Toronto, CanadaKenneth Mungara is aiming for his third successive victory in the Scotiabank Toronto Waterfront Marathon this Sunday (26) but collecting the $20,000 Cdn first prize may prove a formidable challenge for the 37 year old from Kenya.
Once again organisers of this IAAF Silver Label Race have assembled a field that is deep with talent in spite of a relatively modest $2 million budget. Indeed, it is entirely conceivable that Mungara’s 2009 course record of 2:08:31 - which is also the fastest time ever run on Canadian soil - could be lowered.
At the top of the list of challengers is Daniel Rono. In addition to sporting a personal best time of 2:06:58 from the 2008 Rotterdam marathon this Kenyan star is very familiar with Toronto’s flat out and back course. He won here in 2006 then finished second a year later in a then personal best of 2:09:35. A third place finish in the 2008 New York marathon followed by second in the 2009 Boston marathon solidified his credentials as a world class athlete.
Ethiopia will be well represented by a trio of excellent runners who train within an Addis based group of some eighty athletes under the guidance of coach Haji Adilo.
In January, Teshome Gelana, 25, won the 2010 Houston marathon in 2:07:37 ahead of Zimbaba Yigeze who ran a personal best of 2:08:27 in the Texan oil capital. Yigeze will be celebrating his 27th birthday on the starting line. The third member of the group, Chala Lemi, was second in Toronto last year in 2:08:48. Coach Haji expects big things from all three but especially from Gelana.
“Teshome is in very good shape. He ran 30 kilometres in one hour 33 minutes at 7000 feet in training and he is ready to race well,” Adilo says. “I don’t know how fast.”
Canadian fortunes rest on the shoulders of two promising marathoners Reid Coolsaet and Eric Gillis who will not have to suffer the ill effects of travel. They both live and train within an hour’s drive of Toronto. Athletics Canada just announced its qualifying standard for both the 2011 IAAF World Championships and the 2012 Olympics (2:11:29) a reasonable target for both athletes.
There is also the added incentive of racing for a $35,000 Cdn bonus, that’s $1,000 for each year Jerome Drayton’s Canadian record of 2:10:09 has stood.
A year ago Coolsaet, who has a best of 27:56. 92 for 10,000m on the track was crowned Canadian marathon champion in Ottawa after just six weeks of proper marathon training. He went on to finish 25th at the World Championships in Berlin in 2:16:53. With a full year of high volume running he is capable of challenging the national record.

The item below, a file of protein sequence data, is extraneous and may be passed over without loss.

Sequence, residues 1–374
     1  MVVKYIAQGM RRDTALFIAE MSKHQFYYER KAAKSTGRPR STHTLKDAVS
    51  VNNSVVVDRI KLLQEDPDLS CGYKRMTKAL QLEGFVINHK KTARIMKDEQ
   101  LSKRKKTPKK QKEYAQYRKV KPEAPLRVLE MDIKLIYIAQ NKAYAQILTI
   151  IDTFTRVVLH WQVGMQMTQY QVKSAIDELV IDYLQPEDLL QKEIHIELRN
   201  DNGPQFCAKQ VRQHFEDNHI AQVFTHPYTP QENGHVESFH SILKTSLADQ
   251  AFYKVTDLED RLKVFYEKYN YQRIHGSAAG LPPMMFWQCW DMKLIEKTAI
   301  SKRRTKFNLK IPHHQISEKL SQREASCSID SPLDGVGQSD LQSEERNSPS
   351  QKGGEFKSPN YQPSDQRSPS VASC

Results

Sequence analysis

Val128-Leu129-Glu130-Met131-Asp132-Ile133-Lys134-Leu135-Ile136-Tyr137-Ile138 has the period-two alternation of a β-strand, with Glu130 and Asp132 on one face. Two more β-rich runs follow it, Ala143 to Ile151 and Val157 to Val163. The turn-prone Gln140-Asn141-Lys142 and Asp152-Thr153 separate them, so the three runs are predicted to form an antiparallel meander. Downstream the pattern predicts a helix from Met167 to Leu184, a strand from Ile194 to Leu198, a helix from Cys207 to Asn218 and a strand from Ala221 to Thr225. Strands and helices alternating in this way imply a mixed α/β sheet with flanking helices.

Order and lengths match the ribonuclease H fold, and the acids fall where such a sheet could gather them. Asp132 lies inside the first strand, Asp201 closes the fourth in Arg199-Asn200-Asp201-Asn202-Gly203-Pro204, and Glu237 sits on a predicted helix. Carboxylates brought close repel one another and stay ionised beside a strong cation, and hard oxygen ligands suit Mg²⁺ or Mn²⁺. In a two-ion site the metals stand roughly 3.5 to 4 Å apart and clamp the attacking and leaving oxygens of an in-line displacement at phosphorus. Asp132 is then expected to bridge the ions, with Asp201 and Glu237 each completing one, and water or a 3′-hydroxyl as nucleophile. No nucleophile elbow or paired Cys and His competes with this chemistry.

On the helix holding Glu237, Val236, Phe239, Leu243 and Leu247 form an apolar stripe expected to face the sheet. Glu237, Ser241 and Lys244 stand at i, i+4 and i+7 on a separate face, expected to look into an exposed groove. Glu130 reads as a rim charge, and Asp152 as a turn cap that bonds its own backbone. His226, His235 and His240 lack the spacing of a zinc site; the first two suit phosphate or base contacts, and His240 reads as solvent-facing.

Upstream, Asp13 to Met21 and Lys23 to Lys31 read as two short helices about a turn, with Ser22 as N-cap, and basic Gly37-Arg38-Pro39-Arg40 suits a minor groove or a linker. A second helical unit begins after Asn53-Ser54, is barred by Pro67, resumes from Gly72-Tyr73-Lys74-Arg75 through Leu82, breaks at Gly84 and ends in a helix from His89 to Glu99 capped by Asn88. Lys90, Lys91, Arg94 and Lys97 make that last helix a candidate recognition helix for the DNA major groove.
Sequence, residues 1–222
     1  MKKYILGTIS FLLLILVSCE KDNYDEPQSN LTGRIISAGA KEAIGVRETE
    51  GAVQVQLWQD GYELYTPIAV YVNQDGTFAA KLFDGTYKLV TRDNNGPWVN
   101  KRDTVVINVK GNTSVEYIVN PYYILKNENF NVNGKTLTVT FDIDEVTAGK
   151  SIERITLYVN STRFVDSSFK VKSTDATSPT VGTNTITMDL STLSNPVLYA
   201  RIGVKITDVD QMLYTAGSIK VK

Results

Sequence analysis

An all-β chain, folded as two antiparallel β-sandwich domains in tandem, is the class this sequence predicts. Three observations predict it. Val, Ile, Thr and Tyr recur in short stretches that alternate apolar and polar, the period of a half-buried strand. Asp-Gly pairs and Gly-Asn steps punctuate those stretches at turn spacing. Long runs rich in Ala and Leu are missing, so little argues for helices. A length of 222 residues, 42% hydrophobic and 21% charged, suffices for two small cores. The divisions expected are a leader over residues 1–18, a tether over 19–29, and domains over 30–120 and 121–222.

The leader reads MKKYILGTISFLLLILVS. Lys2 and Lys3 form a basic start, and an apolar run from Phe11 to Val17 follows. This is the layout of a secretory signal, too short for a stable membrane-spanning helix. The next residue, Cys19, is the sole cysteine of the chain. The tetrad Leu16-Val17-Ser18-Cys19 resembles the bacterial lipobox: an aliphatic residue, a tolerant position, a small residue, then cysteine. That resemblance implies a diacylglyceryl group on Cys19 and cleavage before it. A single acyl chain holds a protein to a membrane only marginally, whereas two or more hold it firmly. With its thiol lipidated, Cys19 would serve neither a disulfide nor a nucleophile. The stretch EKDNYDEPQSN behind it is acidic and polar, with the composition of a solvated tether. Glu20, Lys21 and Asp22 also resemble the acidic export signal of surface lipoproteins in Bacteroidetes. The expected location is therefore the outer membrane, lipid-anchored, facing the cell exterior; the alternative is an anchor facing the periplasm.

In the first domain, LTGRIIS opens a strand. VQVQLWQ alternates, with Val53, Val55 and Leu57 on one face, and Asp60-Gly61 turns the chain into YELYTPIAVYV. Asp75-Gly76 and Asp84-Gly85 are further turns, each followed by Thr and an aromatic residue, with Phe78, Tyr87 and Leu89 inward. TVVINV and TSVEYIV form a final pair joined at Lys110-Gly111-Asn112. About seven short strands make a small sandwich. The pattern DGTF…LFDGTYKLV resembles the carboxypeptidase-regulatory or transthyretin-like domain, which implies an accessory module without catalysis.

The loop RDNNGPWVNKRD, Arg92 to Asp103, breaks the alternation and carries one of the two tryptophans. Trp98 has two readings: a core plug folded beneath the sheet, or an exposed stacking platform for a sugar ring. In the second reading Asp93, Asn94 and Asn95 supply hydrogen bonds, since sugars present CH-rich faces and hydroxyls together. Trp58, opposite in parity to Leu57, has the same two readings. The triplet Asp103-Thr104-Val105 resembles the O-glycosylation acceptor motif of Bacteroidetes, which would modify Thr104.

Gillis meanwhile, represented Canada at the 2008 Olympics in the 10,000m and finished 7th in his marathon debut last January in Houston (2:13:52).
Alan Brookes, the race director, was delighted with Mungara’s Canadian All Comers record a year ago. This time he has his fingers crossed someone can lower Lydia Simon’s women’s all comer’s record which has stood since the 2001 IAAF World Championships in Edmonton. The Romanian ran 2:26:01. To that end he has put up an additional $20,000 Cdn for a record.
Coach Haji is sending two of his leading female athletes Firehiwot Dado and Merima Mohammed to Toronto. When prodded for his expectations he admits that the young Mohammed has prepared very well for this race.
“Both athletes are in very very good shape if the weather is good, and there’s a good pacemaker, maybe Mohammed can run under 2:24,” he declares.
Another one to watch is Tirfi Tsegaye of Ethiopia. She was third at the 2010 Paris marathon in 2:24:51 the fastest time by any woman competing in Toronto.
Cool temperatures are expected at the 7:30 a.m. start so there is every expectation that this year’s Scotiabank Toronto Waterfront Marathon will once again live up to its IAAF Silver Label status.
Paul Gains for the IAAF